We are all so dependent on our iPhones, laptops and all aspects of Social Media, that it is difficult to imagine life without such technology.
Many of us can also remember a time when the telephone was restricted to the home or office, emails were non-existent and the World Wide Web was a phenomenon only imagined in sci-fi books or movies.
How on earth did we exist without them? They have certainly improved communication, education and even creativity in our lives, but how do we restrict ourselves and especially our children from digital excess?
A recent survey revealed that we check our phones on average 200 times a day, and many of us are spending more time in front of a screen than we do asleep.
So how do we combat the stress levels that come with keeping up with the latest trends, expensive apps and a general commitment to social media?
It was interesting to discover that a few high-profile personalities have come off Social Media altogether, Simon Cowell for one, who has not accessed his mobile phone for several months, saying that it was adding too much distraction and anxiety to his already busy schedule.
I think like any heavy addiction or habitual activity, to stop abruptly can lead to serious withdrawal symptoms, and can create even more problems.
But to have a holiday or mini-break from texting or checking your phone could be a good way to start and set an example for your kids.
A group of friends recently suggested that they put their mobile phones away when out together, and the first one to resist and check their phone would pay the bill of the entire group. A major deterrent!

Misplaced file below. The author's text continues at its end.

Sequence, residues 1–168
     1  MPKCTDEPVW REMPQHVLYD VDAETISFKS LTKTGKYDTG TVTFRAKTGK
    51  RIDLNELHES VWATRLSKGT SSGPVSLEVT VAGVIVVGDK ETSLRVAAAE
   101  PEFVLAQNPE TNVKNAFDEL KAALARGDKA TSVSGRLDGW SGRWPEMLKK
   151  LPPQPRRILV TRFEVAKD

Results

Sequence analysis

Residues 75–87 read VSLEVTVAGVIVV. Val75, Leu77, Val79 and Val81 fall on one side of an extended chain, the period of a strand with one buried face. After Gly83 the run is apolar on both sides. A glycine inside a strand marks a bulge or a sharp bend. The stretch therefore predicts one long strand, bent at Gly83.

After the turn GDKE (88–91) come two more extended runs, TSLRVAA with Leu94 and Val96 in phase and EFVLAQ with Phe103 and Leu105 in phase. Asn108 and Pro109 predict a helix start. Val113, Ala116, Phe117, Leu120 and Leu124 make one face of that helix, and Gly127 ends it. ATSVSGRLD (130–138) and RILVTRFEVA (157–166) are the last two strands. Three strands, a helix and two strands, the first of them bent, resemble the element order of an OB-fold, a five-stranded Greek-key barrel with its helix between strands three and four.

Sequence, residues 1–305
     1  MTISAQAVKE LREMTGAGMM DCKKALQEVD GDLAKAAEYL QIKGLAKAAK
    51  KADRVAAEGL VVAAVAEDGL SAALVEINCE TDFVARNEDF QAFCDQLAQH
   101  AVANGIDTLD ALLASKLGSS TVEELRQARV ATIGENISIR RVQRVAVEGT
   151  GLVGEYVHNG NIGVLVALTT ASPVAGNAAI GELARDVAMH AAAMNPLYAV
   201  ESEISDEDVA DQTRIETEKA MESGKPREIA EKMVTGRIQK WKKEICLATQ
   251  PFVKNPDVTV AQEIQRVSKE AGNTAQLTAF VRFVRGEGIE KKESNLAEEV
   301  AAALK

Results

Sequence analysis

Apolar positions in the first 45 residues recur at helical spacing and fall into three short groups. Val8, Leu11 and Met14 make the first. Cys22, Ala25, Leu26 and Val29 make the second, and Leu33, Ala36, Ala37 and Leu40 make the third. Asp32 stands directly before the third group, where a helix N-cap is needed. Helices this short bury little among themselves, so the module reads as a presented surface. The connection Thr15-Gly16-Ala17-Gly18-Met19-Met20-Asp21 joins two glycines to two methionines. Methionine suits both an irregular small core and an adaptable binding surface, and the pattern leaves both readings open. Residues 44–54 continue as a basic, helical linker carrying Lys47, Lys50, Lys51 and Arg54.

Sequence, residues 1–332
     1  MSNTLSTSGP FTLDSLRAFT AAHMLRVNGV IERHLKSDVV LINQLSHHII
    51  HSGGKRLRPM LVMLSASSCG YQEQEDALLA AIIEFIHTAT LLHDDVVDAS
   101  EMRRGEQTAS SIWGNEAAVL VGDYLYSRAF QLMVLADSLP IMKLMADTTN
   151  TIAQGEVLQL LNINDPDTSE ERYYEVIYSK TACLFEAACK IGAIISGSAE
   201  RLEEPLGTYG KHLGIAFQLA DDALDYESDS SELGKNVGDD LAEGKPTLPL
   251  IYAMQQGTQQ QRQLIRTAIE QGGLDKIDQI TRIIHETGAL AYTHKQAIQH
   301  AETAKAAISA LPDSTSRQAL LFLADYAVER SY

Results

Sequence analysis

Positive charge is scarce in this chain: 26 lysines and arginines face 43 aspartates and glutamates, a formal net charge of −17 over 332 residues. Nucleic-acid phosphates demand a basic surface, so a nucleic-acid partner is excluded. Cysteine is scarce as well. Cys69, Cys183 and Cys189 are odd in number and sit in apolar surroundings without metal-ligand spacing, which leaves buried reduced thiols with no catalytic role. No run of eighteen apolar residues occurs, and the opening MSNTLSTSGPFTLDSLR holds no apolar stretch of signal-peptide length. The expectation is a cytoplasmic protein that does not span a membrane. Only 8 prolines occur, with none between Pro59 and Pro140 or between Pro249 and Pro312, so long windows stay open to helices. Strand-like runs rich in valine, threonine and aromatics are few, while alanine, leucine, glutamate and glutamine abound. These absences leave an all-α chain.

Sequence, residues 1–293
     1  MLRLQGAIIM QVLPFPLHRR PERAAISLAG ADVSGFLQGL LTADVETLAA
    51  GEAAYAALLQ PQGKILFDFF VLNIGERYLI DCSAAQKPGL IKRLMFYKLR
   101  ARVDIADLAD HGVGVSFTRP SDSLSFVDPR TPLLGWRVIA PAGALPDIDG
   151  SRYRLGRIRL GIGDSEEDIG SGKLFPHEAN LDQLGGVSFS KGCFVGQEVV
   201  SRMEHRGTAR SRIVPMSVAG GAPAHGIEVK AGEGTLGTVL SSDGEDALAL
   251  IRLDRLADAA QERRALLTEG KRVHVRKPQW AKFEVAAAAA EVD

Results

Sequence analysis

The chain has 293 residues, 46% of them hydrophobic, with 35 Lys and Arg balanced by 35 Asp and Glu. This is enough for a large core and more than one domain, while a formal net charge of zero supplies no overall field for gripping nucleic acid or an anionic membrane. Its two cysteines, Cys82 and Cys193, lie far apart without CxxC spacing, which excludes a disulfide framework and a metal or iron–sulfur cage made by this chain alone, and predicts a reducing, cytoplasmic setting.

Another suggestion is to charge your iPhone overnight in a room separate from your bedroom, so that you are not tempted to reach for it in the night or first thing in the morning.
If you are feeling even more ambitious you could leave it at home when shopping, or if you are visiting family or friends at the weekend.
There is nothing more irritating than someone who constantly checks their phone as you are trying to get their attention.
It is also a good idea to leave it out of reach when driving, as the urge to look down or reach for the phone as a random call or text comes in can be too tempting, which has been the cause of many collisions.
It would be a good idea to discuss it with your family or social circle, and come up with digital tech-free activities, because if you are sharing some screen-free time together, it is a lot easier to enjoy the experience of personal social interaction, which is ultimately far more rewarding.